Spanning less than 10 kilometers (6 miles), Maupiti Island sits in the South Pacific Ocean, about 46 kilometers (29 miles) west of Bora Bora. The remote island lies 5,800 kilometers (3,600 miles) from Australia, and about 3,800 kilometers (2,400 miles) from New Zealand. Maupiti consists of a central island poking 213 meters (700 feet) above the sea surface, framed by low-profile serpentine islands and coral reefs that enclose a lagoon.
The Advanced Land Imager (ALI) on NASA’s Earth Observing-1 (EO-1) satellite captured this true-color image of Maupiti Island on August 8, 2009. The water inside the lagoon glows electric blue, surrounded by much paler blues of fringing coral reefs. Waves breaking on Maupiti’s southwestern shores appear brilliant white. Above the water line, forests carpet the islands. Only on the central island does the land rise high enough to cast a discernible shadow, and because this island sits in the Southern Hemisphere, the shadow falls to the south at this time of year. On the northeastern fringing island, the landing strip of a tiny airport cuts a long east-west line across vegetated land and coral reef.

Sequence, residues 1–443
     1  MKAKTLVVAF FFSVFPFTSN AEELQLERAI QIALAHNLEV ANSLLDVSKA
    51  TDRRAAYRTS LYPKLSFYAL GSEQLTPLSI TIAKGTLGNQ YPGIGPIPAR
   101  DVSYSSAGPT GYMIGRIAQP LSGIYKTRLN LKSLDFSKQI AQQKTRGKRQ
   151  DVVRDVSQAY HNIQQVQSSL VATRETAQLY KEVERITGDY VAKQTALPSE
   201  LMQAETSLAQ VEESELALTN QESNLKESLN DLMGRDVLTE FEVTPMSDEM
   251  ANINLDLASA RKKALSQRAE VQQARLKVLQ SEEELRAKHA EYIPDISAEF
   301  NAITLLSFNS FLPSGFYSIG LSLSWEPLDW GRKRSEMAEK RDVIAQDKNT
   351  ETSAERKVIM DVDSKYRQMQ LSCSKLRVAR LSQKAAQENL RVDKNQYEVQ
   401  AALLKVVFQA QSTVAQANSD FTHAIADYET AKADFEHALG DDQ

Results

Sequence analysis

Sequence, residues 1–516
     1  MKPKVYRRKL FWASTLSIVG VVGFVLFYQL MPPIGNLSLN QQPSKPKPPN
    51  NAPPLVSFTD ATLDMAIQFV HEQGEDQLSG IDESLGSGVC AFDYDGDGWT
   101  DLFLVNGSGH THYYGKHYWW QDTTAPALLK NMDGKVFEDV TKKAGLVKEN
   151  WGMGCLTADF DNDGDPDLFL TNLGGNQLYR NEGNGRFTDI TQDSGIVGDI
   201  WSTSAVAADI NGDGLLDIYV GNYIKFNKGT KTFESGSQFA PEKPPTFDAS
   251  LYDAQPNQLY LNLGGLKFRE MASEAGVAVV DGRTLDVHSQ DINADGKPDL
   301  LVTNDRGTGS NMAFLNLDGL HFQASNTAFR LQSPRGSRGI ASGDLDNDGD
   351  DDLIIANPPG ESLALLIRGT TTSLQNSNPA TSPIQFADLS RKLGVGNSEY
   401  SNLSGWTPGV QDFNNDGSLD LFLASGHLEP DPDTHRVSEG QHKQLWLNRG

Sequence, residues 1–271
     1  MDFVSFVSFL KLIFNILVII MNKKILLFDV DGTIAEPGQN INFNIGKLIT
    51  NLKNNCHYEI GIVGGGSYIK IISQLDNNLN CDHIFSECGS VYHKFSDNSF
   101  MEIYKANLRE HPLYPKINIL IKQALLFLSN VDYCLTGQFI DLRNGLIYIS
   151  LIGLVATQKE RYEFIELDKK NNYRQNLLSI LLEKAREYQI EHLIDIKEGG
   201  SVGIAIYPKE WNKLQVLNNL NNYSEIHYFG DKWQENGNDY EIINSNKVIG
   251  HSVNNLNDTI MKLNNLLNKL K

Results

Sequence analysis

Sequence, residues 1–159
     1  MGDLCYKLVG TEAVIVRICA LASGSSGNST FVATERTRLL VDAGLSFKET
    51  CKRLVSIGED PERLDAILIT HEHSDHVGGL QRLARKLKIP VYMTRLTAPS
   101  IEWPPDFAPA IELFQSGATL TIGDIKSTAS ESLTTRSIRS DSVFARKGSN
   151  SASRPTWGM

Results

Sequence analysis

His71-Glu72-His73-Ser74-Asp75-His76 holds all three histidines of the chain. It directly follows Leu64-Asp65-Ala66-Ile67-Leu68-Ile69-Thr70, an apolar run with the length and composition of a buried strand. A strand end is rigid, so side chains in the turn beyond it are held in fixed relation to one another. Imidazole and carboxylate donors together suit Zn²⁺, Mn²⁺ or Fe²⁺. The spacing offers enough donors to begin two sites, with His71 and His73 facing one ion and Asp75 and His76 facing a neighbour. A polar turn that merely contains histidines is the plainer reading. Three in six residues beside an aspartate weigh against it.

NASA Earth Observatory images by Robert Simmon, using EO-1 ALI data provided by the NASA EO-1 team. Caption by Michon Scott.
Low-profile fringing islands and coral reefs surround a relatively tall central island.
Scattered like turquoise and emeralds across the dark blue waters of the Coral and Solomon Seas, the coral reefs and forested islands of the Louisiade Archipelago stretch southeastward from the tip of Papua New Guinea for over 350 kilometers.